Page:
Sports

Same big hopes, new big men

All you have to do is take one look at Shaq aging by the day and talking about buying the Orlando Magic one day and you have all the proof you need that an era of the NBA is quickly fading.

But even with guys like San Antonio's Tim Duncan still putting up big numbers, it's been clear for the last handful of years that the league has been desperately craving a new generation of big men.

That's what made the return of the Lakers' Andrew Bynum and second-chance rookie Greg Oden so exciting entering this season.

That duo, along with Orlando's own Superman in Dwight Howard and Houston's Yao Ming, signaled to some NBA watchers a possible return to a time when young big men were the centerpiece of the league.

"I think they're definitely the young centers coming up," former Knicks center and newly minted NBA Hall of Famer Patrick Ewing said recently. "Dwight and Yao Ming are probably the cream of the crop, then Bynum and Oden — because he hasn't really played a game. Bynum has definitely improved a lot, and he'll be a force to be reckoned with."

But like all would-be fairy tales, the happy ending took a major jolt barely a week into the season with the news that Portland's Oden would be sidelined for 2-4 weeks with a foot injury

In Portland it's started to conjure up the unhappy memories of another famous big-man pick that never quite materialized in former Kentucky center Sam Bowie.

Bowie, taken ahead of Michael Jordan in the 1984 NBA Draft, had five operations on his legs during his career and never lived up to the hype.

It's why the best we can do is hope there is still time for the league's current crop of giants to roam one day.

"I think it's too early to really say," Ewing said. "I think, if you're talking about Dwight or Yao Ming, definitely. Bynum should be, depending on how he comes back from his injury. And Oden, you never know how that knee (and now foot) is going to react to the banging and the pounding. So it's like, who knows?"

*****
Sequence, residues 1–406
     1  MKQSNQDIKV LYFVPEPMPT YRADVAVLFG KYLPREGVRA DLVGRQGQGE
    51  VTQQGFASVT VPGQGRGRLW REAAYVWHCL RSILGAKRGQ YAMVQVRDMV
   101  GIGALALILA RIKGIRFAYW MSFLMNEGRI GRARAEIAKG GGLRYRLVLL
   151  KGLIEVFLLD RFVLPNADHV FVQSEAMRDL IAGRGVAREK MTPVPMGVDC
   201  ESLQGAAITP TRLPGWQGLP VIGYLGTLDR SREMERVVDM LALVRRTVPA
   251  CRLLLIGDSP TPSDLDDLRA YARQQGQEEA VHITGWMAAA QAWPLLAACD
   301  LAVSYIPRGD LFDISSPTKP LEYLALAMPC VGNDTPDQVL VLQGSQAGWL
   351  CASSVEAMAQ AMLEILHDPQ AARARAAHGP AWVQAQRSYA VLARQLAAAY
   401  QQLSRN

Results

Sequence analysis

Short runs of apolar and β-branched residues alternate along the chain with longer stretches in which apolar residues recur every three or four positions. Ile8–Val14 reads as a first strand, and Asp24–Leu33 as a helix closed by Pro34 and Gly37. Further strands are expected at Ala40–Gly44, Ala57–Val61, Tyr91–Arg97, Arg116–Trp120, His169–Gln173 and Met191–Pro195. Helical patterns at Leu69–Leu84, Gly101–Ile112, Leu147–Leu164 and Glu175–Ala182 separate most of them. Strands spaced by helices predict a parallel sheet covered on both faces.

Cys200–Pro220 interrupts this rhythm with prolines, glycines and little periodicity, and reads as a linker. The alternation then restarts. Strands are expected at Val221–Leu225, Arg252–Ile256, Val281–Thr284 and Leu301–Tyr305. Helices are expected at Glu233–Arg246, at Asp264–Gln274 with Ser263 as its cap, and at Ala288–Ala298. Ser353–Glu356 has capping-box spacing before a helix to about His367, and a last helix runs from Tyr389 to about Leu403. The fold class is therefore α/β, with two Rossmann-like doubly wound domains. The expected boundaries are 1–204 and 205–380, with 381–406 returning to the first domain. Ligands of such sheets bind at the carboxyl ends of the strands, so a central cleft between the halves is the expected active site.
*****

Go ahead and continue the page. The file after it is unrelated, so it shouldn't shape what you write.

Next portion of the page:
Indeed.

The good news is that no one is quite sure what will happen to this youthful crew just yet.

Of the quartet, three are doing well. Howard has never gone under the knife, Yao is back and thriving after some summer woes, and all systems are go for Bynum.

The only wild card, it seems, is Oden.

And it's in the spirit of the unknown that we give you a list of possible endings to this yet-to-be-determined fate of Oden, with a look back and some infamous injury merry-go-rounds involving guys over 6-foot-10.

Bill Walton

Where he once was: The No. 1 pick in the 1974 draft, his first two seasons were marred by foot injuries.

How it ended: Our lone success story on the list as a two-time NBA champ — this is what Oden hopes will happen to his luck.

Where it should have ended: Depends on your opinion of the former UCLA stud. I think it ended where it probably deserved to.

Sam Bowie

Where he once was: Drafted by the Blazers as the No. 2 pick in the 1984 draft

How it ended: Played 76 games as a rookie, but just 63 games over the next four seasons.

Where it should have ended: In a draft that featured the likes of Jordan, Charles Barkley and John Stockton, in a best-case scenario he would have been a Hall of Famer. Instead he's now one of the draft's biggest busts ever.

Michael Olowokandi

Where he once was: Made it from Nigeria to the NBA and was the 1998 No. 1 overall pick.

How it ended: Now out of the league, he played just over 330 regular-season games for three teams.

Where it should have ended: He should have continued the legacy of Hakeem Olajuwon but instead will forever be known as the guy that ESPN's Bill Simmons dubbed the "Human Ebola virus."

Kwame Brown

Where he once was: Top pick of the 2001 draft, the first plucked straight out of high school.

How it ended: TBA. He's with the Pistons but is averaging just four points and a half-rebound per game in two appearances.

Where it should have ended: Another TBA. For Kwame fans, the hope is he can find a home in his eighth season, but the odds are against him.

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